Leagården's Mr Manolito

Black kelpie male with only eumelanin.

Grejaskogens Zorro

Cream kelpie male with pheomelanin in the coat.

The other type of pigment is pheomelanin which is the red pigment. Pheomelanin is only produced in the fur and does not occur in the eyes or on the nose. In contrast to eumelanin it does not come in two colours. Pheomelanin is just one colour which varies in intensity. There are variations from a dark red in dogs as the Irish Setter to pale yellow as in a very light-coloured Labrador. Most dogs, however, have both eumelanin and pheomelanin. A black and tan Kelpie is a wonderful example of this.

Artur Magic Princ Of Faerie Fox

Black and tan kelpie male with both eumelanin and pheomelanin.

Evallens Tan Quinci

Black and tan kelpie female with both eumelanin and pheomelanin.

The melanin pigment is produced in the melanocyte cells. These are pigment cells located in the neural crest found already in the embryotic stage. The pigment cells migrate to the skin, either covering parts of the body or the entire body, and these cells has a lifelong production of the pigment melanin. Pigment cells and nerve cells have the same origin. This means that genes controlling pigment cells also control neurological and immunological functions. Hence the connection between specific colours and illnesses in some dog breeds.

The White Colour Is Not A Colour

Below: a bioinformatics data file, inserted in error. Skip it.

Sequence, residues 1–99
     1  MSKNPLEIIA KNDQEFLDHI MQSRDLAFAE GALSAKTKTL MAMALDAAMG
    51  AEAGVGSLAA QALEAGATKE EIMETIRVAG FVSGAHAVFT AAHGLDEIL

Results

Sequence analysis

White is not really a colour but a lack of pigment which shows up as a white coat. In dogs it reflects a deficit in both eumelanin and pheomelanin. When the cells cannot produce any pigment at all the result are white areas. This can also affect the production of eumelanin in the eyes and the nose, causing a pink nose and blue eyes.

There is another type of white which is caused by a dilution of the pheomelanin. The cells produce less pigment than normal creating a pale colour. Dogs with this type may have a creamy or ebony coloured coat. Normally this type does not affect the eumelanin so these dogs may have areas with black, brown, blue or Isabella coloured coat, while eyes and nose remain dark.

Under Continual Development

Genetic research is continuously developing, and old truths are being revised all the time. In the near future we hope to clarify how the gene for the brown colour’s intensity works, or find out the exact reason why some Kelpies are “ghost tan”.

The texts about colour genetics on the Kelpiegallery pages are based on scientific research. Do note that the genetics information on these pages are written in a simplified language and addresses general home page visitors. If you are interested in delving deeper into colour genetics, I recommend looking at the list of sources.